The gesture recognition specialist Ultraleap (created in 2019 when Ultrahaptics acquired Leap Motion), announced on November 17, 2021 a series D fundraising of 60 million pounds (71.4 million euros). New investors include Tencent, British Patient Capital and CMB International, which join existing shareholders Mayfair Equity Partners and IP Group.
The company intends to use this new capital for its scaling up and the design of solutions for the new generation of IT platforms using virtual and augmented reality. The concept of metavers being fashionable, she says she wants to become its main interface. It also wants to accelerate its developments for gesture interfaces in the automotive sector. In particular, its technologies were used in a PSA concept car.
As a reminder, Ultraleap is best known for its hand movement tracking platform used in mixed reality headsets such as the Varjo XR-3 or the Lynx-R1. It relies on a dedicated sensor and makes an SDK available to third-party developers. It is one of the most reliable solutions on the market, but has the disadvantage of requiring this additional sensor where the competition (for example Clay AIR, now owned by Qualcomm) uses standard cameras.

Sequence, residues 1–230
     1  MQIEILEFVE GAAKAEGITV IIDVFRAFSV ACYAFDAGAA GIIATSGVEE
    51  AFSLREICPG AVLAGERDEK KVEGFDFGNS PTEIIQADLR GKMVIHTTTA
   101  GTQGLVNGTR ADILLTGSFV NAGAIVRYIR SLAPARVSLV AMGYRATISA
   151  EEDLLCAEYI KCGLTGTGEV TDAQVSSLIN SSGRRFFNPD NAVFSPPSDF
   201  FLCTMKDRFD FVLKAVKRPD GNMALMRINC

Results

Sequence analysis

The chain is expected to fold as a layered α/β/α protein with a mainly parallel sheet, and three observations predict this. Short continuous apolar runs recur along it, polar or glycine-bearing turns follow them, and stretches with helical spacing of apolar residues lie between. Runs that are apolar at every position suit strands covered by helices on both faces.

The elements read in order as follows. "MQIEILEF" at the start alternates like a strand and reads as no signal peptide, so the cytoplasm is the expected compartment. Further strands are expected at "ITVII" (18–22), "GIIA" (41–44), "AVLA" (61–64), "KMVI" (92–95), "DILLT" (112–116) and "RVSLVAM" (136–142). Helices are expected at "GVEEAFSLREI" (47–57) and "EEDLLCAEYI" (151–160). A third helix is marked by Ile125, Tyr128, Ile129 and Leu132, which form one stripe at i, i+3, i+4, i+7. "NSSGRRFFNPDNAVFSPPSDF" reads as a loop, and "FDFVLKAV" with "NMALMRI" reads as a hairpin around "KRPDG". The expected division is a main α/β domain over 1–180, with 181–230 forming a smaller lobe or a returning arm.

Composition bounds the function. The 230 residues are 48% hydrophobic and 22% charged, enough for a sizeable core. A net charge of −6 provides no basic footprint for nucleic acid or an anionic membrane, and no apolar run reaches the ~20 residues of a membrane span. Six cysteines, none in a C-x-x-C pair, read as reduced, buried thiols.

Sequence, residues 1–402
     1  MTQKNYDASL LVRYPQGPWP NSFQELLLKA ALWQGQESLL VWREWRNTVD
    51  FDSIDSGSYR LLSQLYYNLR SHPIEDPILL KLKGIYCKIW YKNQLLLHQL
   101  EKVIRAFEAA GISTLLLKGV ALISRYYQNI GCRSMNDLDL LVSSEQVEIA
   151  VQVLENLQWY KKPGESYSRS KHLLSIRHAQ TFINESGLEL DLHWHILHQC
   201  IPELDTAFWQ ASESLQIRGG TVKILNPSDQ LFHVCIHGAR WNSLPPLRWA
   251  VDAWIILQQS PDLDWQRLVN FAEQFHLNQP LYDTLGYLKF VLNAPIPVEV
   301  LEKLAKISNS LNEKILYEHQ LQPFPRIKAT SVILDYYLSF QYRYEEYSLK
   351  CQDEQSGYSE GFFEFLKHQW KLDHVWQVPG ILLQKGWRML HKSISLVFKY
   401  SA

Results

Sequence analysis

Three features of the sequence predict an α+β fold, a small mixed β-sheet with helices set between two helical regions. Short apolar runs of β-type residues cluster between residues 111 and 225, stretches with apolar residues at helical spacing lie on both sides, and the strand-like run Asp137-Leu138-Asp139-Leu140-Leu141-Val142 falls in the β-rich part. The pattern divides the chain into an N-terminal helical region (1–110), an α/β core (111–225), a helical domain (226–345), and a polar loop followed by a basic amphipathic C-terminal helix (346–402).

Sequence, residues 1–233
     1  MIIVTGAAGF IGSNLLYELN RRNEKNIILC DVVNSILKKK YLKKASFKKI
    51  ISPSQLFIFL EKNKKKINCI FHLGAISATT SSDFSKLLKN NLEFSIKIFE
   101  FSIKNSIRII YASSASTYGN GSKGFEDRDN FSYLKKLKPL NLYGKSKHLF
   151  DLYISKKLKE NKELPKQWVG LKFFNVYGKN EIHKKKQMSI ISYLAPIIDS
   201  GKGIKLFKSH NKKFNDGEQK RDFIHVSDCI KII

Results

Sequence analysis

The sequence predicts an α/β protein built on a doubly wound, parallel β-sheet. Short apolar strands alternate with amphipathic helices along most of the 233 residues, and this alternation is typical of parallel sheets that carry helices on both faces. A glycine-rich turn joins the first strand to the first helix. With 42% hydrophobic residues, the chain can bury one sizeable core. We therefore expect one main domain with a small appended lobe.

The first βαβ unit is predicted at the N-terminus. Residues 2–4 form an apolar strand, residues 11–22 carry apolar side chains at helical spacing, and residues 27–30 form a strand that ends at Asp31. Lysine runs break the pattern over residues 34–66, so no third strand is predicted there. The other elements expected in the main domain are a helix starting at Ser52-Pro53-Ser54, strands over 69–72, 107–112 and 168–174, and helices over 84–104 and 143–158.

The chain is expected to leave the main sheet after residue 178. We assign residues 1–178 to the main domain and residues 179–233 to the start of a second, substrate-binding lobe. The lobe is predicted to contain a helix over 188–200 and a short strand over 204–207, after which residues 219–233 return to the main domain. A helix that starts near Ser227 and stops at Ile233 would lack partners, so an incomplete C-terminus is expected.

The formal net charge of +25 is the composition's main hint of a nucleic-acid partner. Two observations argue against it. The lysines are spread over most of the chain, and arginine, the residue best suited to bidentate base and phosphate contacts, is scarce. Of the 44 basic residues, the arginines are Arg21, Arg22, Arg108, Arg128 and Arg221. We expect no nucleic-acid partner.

Metavers, Covid-19: an opportunity for contactless interfaces
“For Ultraleap, this new era is not limited to virtual reality headsets. Like the internet, this is a reality with which we will interact in all areas of our lives: at home, in the office, in the car, in public space. Our goal, with this D-series, is to accelerate the transition to the primary interface – our hands – because no one imagines a metaver with physical interfaces, buttons or touchscreens,” explains Ultraleap Managing director Tom Carter in a statement.
The company sees in the Covid-19 pandemic an opportunity for its tactile feedback contactless interfaces, which use ultrasound to give the illusion of touch. Its technology is for example used in control terminals at KFC, to replace touch screens.